Date: Monday, Feb. 24, 2014
Time: 7 p.m.
Place: Ray and Kay Eckstein Hall,
1215 W. Michigan St.
One of Marquette University’s three Ralph H. Metcalfe Chairs this semester, Dr. Khalil Gibran Muhammad, director of the Schomburg Center for Research in Black Culture, a division of the New York Public Library, will give a lecture titled, “Guilty Until Statistically Proven Innocent: How Data Destroyed the Promise of Civil Rights,” Monday, Feb. 24, at 7 p.m. in Ray and Kay Eckstein Hall, located at 1215 W. Michigan St.
Muhammad is a renowned scholar who studies the link between race and crime and how it has shaped and limited opportunities for African-Americans. A former associate professor of history at Indiana University, his book, The Condemnation of Blackness: Race, Crime, and the Making of Modern Urban America, won the 2011 John Hope Franklin Best Book award in American Studies. Muhammad is currently working on his second book, Disappearing Acts: The End of White Criminality in the Age of Jim Crow. His research has been covered widely by outlets such as The New York Times, The Washington Post, National Public Radio and more.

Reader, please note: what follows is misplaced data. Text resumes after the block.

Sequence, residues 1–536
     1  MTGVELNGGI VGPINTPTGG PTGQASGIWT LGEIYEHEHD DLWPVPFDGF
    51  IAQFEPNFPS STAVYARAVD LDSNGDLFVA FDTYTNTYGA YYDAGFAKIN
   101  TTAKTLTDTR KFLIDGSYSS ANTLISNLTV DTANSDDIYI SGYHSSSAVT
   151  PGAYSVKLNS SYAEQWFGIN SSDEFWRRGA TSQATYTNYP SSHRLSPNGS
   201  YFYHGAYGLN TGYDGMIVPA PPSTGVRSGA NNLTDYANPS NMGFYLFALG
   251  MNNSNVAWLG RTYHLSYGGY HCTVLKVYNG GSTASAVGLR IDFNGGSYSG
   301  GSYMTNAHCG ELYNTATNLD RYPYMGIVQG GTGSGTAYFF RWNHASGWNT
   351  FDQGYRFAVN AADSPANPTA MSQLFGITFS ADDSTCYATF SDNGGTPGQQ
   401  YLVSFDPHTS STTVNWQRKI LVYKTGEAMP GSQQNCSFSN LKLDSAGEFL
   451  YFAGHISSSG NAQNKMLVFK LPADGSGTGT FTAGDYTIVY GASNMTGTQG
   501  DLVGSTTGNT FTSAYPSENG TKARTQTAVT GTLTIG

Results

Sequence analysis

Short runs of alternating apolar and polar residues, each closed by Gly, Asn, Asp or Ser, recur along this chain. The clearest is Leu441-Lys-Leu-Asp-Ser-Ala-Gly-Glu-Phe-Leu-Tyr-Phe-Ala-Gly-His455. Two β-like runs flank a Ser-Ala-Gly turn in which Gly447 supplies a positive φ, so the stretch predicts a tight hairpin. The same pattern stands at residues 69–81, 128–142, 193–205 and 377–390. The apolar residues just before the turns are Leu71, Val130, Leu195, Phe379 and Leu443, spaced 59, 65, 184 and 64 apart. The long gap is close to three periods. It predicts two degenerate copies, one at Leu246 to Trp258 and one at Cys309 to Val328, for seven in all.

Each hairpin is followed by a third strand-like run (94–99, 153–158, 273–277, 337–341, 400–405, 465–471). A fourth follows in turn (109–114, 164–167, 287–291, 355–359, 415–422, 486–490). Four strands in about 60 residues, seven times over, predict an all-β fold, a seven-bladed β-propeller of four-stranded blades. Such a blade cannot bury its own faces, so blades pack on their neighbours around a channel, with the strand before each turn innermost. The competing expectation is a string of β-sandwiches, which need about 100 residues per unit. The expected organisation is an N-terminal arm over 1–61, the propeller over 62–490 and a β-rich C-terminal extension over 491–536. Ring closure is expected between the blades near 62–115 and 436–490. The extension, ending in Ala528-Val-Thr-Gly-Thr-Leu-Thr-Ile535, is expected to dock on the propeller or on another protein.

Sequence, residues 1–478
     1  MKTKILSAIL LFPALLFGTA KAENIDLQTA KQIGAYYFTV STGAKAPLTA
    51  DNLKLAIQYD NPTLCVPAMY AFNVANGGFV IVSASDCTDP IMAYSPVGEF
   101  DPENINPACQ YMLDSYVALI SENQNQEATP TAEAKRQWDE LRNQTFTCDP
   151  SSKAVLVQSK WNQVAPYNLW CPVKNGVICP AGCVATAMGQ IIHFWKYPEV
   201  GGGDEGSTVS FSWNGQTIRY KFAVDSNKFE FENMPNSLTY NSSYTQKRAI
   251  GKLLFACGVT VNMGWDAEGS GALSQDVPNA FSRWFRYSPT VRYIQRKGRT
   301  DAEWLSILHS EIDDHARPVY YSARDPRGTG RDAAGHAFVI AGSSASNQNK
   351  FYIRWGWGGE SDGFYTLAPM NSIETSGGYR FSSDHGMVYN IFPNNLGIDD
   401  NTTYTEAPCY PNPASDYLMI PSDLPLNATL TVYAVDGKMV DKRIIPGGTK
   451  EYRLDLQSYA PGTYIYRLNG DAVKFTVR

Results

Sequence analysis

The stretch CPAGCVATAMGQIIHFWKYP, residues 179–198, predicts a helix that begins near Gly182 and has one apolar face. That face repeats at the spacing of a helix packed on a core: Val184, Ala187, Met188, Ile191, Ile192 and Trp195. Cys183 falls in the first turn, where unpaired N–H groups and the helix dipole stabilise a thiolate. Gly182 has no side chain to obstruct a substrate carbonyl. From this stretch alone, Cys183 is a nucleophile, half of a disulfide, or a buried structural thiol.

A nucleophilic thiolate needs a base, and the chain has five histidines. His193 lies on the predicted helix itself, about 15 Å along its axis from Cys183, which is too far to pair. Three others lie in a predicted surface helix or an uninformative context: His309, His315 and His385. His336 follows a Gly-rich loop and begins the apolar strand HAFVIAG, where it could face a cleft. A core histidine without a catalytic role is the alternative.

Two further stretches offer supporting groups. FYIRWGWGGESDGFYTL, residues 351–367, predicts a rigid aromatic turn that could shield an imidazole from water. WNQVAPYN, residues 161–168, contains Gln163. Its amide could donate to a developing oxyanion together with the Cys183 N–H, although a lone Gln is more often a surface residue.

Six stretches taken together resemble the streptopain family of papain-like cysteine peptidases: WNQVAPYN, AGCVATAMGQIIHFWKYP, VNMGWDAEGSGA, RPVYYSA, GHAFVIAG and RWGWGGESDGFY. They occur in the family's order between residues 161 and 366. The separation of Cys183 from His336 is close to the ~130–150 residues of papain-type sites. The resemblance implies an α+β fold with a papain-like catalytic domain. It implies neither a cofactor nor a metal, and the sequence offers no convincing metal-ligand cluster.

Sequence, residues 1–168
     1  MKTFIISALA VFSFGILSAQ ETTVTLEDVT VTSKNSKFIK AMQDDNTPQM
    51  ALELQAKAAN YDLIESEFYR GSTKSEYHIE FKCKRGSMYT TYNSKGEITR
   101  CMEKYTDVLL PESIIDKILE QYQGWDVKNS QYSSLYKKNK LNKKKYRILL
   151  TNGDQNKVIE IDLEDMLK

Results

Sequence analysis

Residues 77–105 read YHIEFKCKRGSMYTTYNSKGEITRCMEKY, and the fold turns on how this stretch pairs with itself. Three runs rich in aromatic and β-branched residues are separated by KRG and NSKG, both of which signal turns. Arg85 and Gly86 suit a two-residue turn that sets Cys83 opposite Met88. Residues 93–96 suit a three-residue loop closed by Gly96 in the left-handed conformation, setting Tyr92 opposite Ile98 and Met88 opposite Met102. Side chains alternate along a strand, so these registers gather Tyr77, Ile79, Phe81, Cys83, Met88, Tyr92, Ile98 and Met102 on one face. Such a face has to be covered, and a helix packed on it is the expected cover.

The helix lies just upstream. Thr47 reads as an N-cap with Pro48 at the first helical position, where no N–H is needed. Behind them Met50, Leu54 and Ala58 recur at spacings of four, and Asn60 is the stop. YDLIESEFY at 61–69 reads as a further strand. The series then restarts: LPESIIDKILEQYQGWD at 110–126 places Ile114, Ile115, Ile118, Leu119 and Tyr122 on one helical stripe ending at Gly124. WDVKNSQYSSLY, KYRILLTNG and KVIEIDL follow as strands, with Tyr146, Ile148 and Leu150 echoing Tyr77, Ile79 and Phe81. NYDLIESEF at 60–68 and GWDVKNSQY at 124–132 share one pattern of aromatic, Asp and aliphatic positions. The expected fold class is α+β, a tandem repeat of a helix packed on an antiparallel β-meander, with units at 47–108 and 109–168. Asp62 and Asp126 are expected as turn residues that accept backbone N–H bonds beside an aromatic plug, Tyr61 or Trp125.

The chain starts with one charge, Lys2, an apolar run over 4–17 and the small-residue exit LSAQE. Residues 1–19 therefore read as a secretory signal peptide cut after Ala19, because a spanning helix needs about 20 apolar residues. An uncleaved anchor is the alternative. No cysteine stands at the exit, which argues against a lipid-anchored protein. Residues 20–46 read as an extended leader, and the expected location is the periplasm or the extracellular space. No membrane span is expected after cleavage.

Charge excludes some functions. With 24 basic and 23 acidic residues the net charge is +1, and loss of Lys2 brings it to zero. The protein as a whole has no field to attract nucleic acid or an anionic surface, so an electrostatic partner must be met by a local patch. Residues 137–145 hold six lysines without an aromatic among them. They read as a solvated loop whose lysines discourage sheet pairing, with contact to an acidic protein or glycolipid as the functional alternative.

Named for Marquette alumnus Ralph H. Metcalfe, the Metcalfe Chair is a non-residential chair that brings an African-American, Latino/a or Native American scholar to Marquette each semester.
The lecture is free and open to the public, and is sponsored by the Department of History. For more information, call the Department of History at (414) 288-7217.
Media interested in attending the event should contact Chris Stolarski, senior communication specialist in the Office of Marketing and Communication, at (414) 288-1988.